As the owner of a naturally aspirated car, boost has a certain appeal.
As the owner of a naturally aspirated car, boost has a certain appeal. Turbo spooling is enough to get my adrenaline going, but the mention of twin turbos brings to mind the phrase “I literally can’t even.” So much so, that the Pick of the Day, a 1961 Chevrolet Impala, was selected because of just those two words: twin turbos.
The turbos are connected to a 509 cid big block rated at 669 horsepower on a street tune with pump gas and 13 pounds of boost. The listing on ClassicCars.com goes on to say that when ran on 110 race fuel with the race tune and the boost turned up just a bit, the Impala will put 1,500 horsepower to the wheels without any issues.
I know what you are thinking: “What the heck do you need 1,500 horsepower in a 61 Impala?” The answer is: nothing. Of course no one needs that much power, but those with a need-for-speed would be very satisfied.
According to the listing, the car was put on the dynometer by Dyno Source in Wadsworth, Illinois, who told the seller with an “upgrade to the pump, the engine will produce over 2,000 horsepower with ease.”
Engine internals include a 4.5 bore, a Billet 4.0 stroke crank, Billet rods with .990 pins, Diamond Pistons forced induction forged aluminum pistons, and a Competition Cams custom turbo camshaft. Other highlights include Edelbrock pro-Flow XT EFI intake manifold and fabricated aluminum valve covers.
Mated to this wild twin-turbo monster is a tough 4L80E built 4-speed transmission.
Despite the listing declaring that the Impala is a pro-touring car, it appears to be a mixture of purpose-built-race car and resto-mod, since the modified machine features enhanced suspension components, brake system and drivetrain, and includes elements more commonly seen on modern performance vehicles.
The seller says the x-frame used to support the big block mixes subdued looks with proven brawn. Customized and refinished by McCoy Race Car Chassis, the front frame section was removed and a custom fabricated front tube chassis replaced it. The listing further notes that a “front rack-and-pinion (steering) setup was added as well as upper and lower tubular control arms with 4-wheel disc brakes for some much needed stopping power.”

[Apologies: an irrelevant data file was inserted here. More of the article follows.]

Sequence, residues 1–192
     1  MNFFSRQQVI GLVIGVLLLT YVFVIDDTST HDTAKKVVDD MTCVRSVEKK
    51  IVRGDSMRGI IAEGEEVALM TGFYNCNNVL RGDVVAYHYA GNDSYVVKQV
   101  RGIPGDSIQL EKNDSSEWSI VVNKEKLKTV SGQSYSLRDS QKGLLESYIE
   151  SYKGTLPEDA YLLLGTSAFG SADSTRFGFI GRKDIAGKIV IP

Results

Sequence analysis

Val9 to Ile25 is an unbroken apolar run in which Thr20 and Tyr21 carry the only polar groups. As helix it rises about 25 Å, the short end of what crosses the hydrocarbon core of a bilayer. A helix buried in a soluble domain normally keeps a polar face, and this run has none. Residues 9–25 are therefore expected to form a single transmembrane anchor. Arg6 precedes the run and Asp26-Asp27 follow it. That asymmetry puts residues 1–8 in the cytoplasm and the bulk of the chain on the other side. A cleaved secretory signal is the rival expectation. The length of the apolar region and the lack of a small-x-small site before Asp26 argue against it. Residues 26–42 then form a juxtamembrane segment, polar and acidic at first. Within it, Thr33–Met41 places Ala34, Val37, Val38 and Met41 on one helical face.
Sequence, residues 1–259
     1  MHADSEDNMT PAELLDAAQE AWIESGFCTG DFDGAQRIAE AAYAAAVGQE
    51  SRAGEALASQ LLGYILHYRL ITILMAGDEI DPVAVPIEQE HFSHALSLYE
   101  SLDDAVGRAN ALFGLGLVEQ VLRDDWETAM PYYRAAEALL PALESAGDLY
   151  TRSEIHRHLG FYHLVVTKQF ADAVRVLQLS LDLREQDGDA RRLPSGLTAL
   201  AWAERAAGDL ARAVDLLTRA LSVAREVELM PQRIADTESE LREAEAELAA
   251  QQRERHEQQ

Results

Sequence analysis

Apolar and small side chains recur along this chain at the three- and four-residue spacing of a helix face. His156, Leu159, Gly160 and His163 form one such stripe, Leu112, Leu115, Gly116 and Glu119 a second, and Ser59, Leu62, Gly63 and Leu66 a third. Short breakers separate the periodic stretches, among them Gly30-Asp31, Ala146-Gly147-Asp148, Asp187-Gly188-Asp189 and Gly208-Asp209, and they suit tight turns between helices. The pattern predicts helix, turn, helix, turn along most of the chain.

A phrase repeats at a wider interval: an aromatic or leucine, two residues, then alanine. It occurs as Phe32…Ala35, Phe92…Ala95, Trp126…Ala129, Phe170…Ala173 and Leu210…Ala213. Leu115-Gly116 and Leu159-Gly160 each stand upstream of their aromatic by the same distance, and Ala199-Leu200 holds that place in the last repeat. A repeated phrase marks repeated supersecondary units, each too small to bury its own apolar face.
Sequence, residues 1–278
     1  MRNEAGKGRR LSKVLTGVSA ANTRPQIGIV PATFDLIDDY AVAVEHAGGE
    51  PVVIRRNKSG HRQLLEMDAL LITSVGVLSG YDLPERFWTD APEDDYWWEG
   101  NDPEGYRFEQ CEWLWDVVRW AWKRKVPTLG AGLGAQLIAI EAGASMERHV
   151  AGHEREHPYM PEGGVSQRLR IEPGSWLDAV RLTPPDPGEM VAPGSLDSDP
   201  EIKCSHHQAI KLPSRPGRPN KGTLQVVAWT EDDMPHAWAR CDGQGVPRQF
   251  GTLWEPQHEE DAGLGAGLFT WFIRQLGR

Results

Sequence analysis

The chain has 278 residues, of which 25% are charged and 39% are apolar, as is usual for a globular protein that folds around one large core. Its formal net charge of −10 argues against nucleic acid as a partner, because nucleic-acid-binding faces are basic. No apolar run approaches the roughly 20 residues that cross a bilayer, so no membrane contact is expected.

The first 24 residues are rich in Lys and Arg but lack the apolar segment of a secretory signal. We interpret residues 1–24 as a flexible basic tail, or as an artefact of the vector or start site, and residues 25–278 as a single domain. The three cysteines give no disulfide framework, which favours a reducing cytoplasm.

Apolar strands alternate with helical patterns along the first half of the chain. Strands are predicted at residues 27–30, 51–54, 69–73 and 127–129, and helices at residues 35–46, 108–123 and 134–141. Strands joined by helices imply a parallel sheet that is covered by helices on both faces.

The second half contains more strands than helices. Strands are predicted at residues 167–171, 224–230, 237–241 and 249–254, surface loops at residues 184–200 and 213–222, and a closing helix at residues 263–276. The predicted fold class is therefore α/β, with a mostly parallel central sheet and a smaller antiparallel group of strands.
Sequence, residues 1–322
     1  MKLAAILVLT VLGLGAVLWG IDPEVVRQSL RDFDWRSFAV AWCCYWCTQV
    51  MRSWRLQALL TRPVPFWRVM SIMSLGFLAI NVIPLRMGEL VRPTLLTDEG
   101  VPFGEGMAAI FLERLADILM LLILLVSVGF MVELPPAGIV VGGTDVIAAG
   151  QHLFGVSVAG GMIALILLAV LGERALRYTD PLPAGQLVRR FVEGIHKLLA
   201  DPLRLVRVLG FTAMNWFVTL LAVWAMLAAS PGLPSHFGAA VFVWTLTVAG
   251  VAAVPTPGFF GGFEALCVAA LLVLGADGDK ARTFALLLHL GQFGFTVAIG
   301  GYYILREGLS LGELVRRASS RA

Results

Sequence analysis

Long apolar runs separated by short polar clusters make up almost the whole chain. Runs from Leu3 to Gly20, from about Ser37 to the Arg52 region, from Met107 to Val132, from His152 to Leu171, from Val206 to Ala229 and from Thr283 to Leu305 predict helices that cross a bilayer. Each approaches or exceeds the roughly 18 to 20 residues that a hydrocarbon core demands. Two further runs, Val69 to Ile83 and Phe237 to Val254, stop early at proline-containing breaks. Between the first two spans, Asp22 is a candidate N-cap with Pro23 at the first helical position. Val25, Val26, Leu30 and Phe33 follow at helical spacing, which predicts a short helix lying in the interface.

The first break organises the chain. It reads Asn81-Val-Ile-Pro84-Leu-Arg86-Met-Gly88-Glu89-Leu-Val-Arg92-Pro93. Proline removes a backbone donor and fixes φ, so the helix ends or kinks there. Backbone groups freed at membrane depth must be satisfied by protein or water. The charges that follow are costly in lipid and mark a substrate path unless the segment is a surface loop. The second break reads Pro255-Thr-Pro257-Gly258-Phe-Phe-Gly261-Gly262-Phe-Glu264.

Custom framework was added along the outside of the x-frame to run along the inside rocker panels to further strengthen the body.
Rear end components include a 9-inch rear-end with 3.73 gears and posi-traction differential. The listing adds that the power meets the pavement through custom Schott wheels wrapped in a set of Mickey Thompson tires sized at 345x35x18. The seller adds the front wheels are wrapped in a set of Hankook tires measured at 225x45x18.
According to the listing, the interior is composed of black leather and vinyl as well as thick black carpeting. Bucket seats adorn the front of the car and a custom center console has been added, housing some gauges to further monitor the engine.
“We even added a couple of cup holders because you’ll need two hands on the wheel when you hit the gas pedal,” the listing says, adding that from the driver’s seat, the dashboard appears clean, clear and factory crisp, as well as having a factory-style radio in the dash.
The interior is completed with black carpet that frames its way around the 8-point certified roll cage that’s tucked away and mostly out of sight, the seller adds.
The Illinois dealership listing the Impala, offered for $149,900, says the restoration and build process took four years to complete, commenting that “the greatest thing about building a massaged third-generation Impala is the crouched, laid-back aesthetic most street rod enthusiasts crave is pretty much standard factory fare” while the “Impala possesses the kind of performance and style that literally defines ‘one-of-a-kind.’”
To view this vehicle listing on ClassicCars,com, see Pick of the Day